Become a one-stop shop for your customers

The proliferation of new financial products and services has led to many changes in the way the industry sells itself to consumers. Traditionally, insurance companies advertised their insurance policies as the best; banks tried to attract customers with higher interest rates on certificates of deposit; and they competed with tax preparers to provide the best service at the lowest possible price.

Nowadays, using the best attributes of products in marketing activities is still important today, but service is rapidly replacing product supply and becoming the main criterion that customers consider when choosing to start a business. This trend naturally leads financial service providers to provide comprehensive products and services under one umbrella. In this type of arrangement, both the supplier and the customer can have several benefits, but planners need to carefully consider several issues before implementing this approach in their practice.

What does one-stop shopping mean?

The definition of one-stop shopping today includes more products and services than ever before. The main industries are:

  • Cash management and other banking services
  • Brokerage and alternative investments
  • All forms of tax preparation and advice
  • University and estate planning
  • All major forms of insurance, including life, health and property insurance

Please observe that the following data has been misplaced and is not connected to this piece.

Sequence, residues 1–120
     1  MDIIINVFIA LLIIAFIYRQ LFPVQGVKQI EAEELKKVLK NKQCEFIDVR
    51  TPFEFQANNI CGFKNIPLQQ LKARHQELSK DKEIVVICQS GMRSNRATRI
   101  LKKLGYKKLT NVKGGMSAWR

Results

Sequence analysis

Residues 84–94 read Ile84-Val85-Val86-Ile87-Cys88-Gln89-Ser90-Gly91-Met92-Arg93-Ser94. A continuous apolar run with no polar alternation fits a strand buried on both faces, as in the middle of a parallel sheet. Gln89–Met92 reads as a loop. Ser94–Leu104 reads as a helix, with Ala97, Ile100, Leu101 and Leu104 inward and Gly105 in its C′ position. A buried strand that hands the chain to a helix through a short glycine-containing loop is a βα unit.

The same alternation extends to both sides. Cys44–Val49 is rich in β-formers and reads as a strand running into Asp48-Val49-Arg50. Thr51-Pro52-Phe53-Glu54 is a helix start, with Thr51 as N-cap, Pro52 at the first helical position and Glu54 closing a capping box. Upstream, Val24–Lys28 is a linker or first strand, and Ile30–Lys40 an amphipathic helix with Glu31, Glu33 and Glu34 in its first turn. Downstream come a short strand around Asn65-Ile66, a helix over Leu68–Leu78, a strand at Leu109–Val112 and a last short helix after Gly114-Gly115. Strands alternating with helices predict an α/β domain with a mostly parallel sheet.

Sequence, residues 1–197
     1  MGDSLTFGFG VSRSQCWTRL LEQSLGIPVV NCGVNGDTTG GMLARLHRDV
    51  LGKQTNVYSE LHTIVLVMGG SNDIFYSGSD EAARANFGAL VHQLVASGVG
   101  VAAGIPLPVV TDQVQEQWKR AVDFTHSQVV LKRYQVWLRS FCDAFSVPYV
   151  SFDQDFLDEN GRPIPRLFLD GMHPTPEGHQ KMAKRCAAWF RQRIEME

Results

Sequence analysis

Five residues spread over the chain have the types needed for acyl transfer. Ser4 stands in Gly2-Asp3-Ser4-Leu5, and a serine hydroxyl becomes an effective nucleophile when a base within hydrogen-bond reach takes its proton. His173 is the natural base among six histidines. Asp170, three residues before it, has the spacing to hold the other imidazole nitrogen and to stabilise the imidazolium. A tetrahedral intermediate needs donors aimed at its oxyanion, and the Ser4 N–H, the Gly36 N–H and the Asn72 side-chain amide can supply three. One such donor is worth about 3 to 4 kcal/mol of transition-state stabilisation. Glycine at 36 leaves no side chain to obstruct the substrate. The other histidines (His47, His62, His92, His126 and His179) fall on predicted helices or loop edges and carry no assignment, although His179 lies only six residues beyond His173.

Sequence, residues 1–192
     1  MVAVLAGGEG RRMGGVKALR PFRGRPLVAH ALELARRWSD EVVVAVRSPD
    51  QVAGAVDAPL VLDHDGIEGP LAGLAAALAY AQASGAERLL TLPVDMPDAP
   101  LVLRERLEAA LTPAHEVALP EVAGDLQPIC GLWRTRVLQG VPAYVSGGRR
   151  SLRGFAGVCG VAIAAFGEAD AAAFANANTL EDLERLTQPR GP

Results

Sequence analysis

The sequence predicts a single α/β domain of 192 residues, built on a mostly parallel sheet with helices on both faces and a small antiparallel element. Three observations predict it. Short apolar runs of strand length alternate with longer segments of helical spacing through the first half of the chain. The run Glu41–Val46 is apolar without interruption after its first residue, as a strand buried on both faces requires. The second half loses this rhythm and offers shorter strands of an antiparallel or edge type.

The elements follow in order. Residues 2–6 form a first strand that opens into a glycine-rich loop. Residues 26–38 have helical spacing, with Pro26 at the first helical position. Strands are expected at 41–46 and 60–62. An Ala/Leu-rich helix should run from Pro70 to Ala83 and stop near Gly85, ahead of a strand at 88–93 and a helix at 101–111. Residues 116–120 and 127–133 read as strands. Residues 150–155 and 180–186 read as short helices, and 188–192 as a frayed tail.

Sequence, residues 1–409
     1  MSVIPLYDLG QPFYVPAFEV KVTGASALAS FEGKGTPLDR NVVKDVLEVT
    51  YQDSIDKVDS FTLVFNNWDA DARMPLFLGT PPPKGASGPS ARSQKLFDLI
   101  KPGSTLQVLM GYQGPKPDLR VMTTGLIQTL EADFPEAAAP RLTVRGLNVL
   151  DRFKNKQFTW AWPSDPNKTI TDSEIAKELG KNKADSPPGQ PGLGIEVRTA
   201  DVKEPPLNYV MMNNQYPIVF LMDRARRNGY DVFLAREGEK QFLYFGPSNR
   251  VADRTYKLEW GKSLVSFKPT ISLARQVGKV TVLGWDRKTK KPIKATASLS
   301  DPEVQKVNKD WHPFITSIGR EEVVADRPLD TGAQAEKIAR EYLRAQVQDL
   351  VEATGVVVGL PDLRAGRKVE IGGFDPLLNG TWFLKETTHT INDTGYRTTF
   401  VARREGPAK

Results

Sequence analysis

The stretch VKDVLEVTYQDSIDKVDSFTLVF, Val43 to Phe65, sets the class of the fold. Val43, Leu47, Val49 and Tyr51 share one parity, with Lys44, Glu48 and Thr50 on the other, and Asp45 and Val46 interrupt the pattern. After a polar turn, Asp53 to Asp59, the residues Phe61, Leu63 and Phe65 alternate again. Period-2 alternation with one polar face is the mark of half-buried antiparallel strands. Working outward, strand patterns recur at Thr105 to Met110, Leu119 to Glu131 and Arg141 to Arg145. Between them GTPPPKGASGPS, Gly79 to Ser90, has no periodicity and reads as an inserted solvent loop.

• Latest mortgage and loan products
  • Comprehensive financial planning
  • Accounting and payroll services

As the boundaries between commercial banks, brokers, and insurance companies become less obvious with each new product innovation, this list will continue to grow. Much of this integration was due to the repeal of the Glass-Steagall Act of 1933, which initially established clear boundaries between brokerage, insurance, and banking after the stock market crash of 1929.

One-stop shopping advantage

There are many advantages to providing customers with comprehensive financial services. These include:

income
One of the most obvious benefits is that one-stop shopping allows planners to earn much higher revenue from the same customers than competitors. If a customer walks into the local office of a well-known insurance company, no matter how much the customer likes and trusts the agent, the agent can only sell customer insurance.